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It’s “Grapes of Wrath” month–time for double helpings of Steinbeck’s corn-pone Marxism

April 29, 2014

My latest blog post for the Los Angeles Times:

John Steinbeck’s 1939 novel about migrant Central Valley fruit pickers, peopled with robustly two-dimensional characters and dripping like an okra pod with hokey dialog, shameless sentimentality and corn-pone Marxism, is already inflicted by teachers on high school students all over California and elsewhere, along with those two other monuments of preachy mediocre fiction, “The Catcher in the Rye” and “To Kill a Mockingbird.”

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The main reason people think that “The Grapes of Wrath” is a good novel is that in 1940, director John Ford managed to turn it into a first-rate movie, with the help of stellar acting (Henry Fonda as Tom Joad, Steinbeck’s jailbird hero-on-the-lam), haunting chiaroscuro cinematography and the ditching of the novel’s bizarre ending, which features “Rosasharn” breastfeeding a starving man in the spirit of proletarian solidarity. Even in the movie, though, when Tom gives his famous “I’ll be ever’where” speech, I always want to call his parole officer.
Posted by Charlotte Allen
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4 Comments
  1. The part of the movie that alienated me, is where the Joads enter some kind of a government campground, and they all marvel about the facilities and the plumbing and all the mod-cons. And they say things like, “The government is giving us all this?” And they say it in such a wondering, worshipful tone, as if they’re entranced by all the wonderful things government provides them. It’s sickening.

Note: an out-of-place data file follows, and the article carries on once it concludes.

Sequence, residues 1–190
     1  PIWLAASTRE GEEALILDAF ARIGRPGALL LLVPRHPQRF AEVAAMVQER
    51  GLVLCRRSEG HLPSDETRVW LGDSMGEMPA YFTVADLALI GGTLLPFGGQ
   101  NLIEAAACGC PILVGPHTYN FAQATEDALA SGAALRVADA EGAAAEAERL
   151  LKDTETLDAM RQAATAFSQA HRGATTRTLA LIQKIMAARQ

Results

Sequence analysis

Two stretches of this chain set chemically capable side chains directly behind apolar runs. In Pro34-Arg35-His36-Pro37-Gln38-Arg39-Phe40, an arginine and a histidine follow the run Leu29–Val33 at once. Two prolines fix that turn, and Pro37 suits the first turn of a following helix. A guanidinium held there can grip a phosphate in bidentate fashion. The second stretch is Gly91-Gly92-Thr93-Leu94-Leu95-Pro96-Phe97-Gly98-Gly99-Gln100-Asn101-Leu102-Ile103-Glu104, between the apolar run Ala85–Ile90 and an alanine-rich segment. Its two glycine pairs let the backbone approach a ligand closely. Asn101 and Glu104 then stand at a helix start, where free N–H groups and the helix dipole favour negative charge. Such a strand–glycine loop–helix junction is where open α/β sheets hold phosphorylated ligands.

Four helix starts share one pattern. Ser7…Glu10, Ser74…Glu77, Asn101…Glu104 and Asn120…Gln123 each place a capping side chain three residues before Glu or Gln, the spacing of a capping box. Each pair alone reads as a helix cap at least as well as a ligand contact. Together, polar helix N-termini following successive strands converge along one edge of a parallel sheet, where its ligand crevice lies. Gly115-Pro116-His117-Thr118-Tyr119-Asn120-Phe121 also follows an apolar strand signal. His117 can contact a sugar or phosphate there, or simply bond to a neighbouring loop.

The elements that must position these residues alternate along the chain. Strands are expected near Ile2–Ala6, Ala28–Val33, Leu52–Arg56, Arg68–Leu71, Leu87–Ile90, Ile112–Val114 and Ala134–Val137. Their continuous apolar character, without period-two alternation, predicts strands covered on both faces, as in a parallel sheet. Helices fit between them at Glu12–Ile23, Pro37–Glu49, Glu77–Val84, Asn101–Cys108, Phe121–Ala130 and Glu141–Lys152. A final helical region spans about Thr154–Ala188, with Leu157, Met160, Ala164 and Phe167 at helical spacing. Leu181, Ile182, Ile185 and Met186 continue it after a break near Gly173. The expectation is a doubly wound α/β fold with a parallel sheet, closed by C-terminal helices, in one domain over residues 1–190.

And all the other things the author mentions — the hokey dialog, the comic-book heroes and villains. It’s really a cheesy book/movie. It even turned me against Henry Fonda.

  2. Quent permalink

    This is an excellent essay. I do have a comment regarding Steinbeck’s use of “Ma Joad.” I didn’t learn until I was in High School that my grandparents had actual names other than ‘Mom and Pop.’ Everybody called them that, including my mother. They even referred to themselves that way. That kind of usage was probably pretty common among poor rural Midwestern and Southern people in the Depression era.

    Your main point, however, is correct. The Left has been working on The Narrative for decades. My favorite example of it is Cary Grant jumping up and down in a woman’s housedress, yelling, “Because I’ve gone Gay.” (Bringing Up Baby, 1938) Presumably the 1938 audience was supposed to understand the ‘gay’ reference. The fashionable Left was social-engineering the language even then. Of course, we all know now, as a matter of common knowledge, that ‘gays’ are cute, funny and zany, just like Cary Grant.

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